It is one of the cardinal rules of surgical preparation; NOTHING by mouth after midnight, or NPO after MN. That is one of the easiest and most clear cut ways for an anesthesiologist to cancel a case. The surgeon will rarely argue with an anesthesiologist on this point. Some anesthesiologists adhere to this rule so strictly that they will cancel a procedure if the patient is even found chewing gum before surgery.
The reason we discourage patients from eating or drinking anything before receiving anesthesia is that we don't want any contents in the stomach during the procedure. If the stomach is full of food or liquids, there is a risk that the patient will vomit the half digested gastric bolus while under sedation and aspirate it into the lungs. This could lead to severe aspiration pneumonia and possibly death. The doctors and the hospital frown upon unexpected operating room deaths.
But now NPO after MN maybe getting a closer scrutiny. The American Society of Anesthesiologists has for years recommended that cases can proceed if the patient has only clear liquids up to two hours before surgery. Clears means anything that one can see through. Water is obviously considered clears. So is apple juice, grape juice, and, surprisingly, black coffee. Milk, orange juice, and coffee with cream are not clear liquids.
Now a study has been released that may actually encourage doctors to recommend patients have a drink before an operation. As Anesthesiology News reported, researchers at Texas Tech University Health Sciences Center had one group of patients drink a carbohydrate rich clear drink two hours before surgery and another group remain fasting after midnight. Not surprisingly, the group who got to drink before surgery felt less thirsty before their operation. But they also felt significantly less anxiety and greater comfort overall. The researchers concluded that perhaps patients should be allowed to drink clear liquids before they have their surgeries.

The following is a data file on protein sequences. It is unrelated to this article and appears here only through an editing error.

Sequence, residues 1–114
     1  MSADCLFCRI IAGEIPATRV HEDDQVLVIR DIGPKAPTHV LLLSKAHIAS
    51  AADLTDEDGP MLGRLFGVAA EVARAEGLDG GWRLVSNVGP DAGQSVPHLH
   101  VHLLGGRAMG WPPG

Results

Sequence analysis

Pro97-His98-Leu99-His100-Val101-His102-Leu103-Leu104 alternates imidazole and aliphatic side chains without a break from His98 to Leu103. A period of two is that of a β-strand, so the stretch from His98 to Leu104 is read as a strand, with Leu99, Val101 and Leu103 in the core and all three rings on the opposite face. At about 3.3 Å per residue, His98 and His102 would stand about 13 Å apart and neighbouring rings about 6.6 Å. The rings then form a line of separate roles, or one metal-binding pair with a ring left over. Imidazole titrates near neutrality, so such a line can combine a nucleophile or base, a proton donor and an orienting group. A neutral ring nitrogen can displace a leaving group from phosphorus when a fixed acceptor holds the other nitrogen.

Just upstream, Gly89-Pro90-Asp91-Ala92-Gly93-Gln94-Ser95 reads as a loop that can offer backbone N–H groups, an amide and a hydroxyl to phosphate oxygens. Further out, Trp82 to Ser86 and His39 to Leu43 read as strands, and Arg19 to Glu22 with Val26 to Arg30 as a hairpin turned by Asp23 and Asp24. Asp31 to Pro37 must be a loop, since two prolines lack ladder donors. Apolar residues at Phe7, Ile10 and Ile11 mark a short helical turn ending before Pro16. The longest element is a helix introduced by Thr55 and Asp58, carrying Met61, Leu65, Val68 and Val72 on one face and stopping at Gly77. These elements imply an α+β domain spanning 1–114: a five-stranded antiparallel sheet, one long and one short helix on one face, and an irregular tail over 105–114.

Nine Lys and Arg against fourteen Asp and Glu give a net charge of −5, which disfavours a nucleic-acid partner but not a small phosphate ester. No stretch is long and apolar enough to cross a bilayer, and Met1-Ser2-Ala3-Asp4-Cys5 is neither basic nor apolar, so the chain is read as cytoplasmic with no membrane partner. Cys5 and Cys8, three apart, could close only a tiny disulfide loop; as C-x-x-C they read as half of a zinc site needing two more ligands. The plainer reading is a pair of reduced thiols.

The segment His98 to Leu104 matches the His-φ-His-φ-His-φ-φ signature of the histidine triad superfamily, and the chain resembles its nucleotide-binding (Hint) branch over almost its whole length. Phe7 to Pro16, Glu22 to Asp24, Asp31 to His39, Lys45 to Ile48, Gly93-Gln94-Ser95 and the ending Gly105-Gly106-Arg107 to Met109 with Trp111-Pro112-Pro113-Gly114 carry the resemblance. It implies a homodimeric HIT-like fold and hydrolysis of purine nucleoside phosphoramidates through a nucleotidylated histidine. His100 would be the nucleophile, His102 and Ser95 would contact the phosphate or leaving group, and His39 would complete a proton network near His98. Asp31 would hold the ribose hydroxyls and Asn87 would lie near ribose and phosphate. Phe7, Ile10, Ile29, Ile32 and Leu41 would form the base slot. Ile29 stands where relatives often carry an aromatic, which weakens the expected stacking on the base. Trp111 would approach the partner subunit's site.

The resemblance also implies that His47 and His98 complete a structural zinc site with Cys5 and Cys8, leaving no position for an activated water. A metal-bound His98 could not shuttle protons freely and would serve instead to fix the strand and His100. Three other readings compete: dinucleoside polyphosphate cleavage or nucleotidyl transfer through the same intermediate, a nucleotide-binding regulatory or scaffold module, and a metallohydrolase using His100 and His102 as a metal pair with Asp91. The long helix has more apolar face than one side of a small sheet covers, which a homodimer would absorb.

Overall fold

First of all I think that is a fine idea that should be further explored. While I would hesitate to let a patient drink as much as these study patients did, 360 mL of fluid which is a little more than one can of soda, I think a couple of gulps wouldn't hurt. We frequently ask our patients to take their medications with small sips of water before coming to the hospital and I don't know of anybody who has aspirated because of that.
Let's face it, NPO after MN is rather barbaric. No elective surgery starts at 2:00 AM. It is especially cruel if the patient's operation isn't scheduled until the early afternoon like 1:00 PM. Is the patient supposed to go without food or water for that long? They can do it but it is not comfortable. Plus by the time the patients comes to preop, they are so dehydrated that it makes starting an IV more difficult. The only reason we tell patients not to eat or drink anything after midnight, even for late starting procedures, is that just in case an early procedure gets cancelled, we can move another patient up without worrying about whether he had just drank something. The last thing the hospital wants is for an expensive operating room to sit empty while we wait for the two hour window to pass.
So let's do patients a favor and consider letting them drink a refreshment up to two hours before surgery. They will feel better when they come to preop. If they are happy, they will make your life better too.